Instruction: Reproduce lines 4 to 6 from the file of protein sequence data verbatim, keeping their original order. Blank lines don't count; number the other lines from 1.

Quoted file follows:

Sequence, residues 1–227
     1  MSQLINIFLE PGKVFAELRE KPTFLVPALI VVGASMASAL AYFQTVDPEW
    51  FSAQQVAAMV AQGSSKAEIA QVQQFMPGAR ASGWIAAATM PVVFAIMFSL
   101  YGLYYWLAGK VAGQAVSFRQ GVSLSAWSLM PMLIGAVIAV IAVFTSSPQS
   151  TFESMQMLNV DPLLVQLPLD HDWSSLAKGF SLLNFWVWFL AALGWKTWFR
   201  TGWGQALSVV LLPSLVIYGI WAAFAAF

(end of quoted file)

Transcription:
   101  YGLYYWLAGK VAGQAVSFRQ GVSLSAWSLM PMLIGAVIAV IAVFTSSPQS
   151  TFESMQMLNV DPLLVQLPLD HDWSSLAKGF SLLNFWVWFL AALGWKTWFR
   201  TGWGQALSVV LLPSLVIYGI WAAFAAF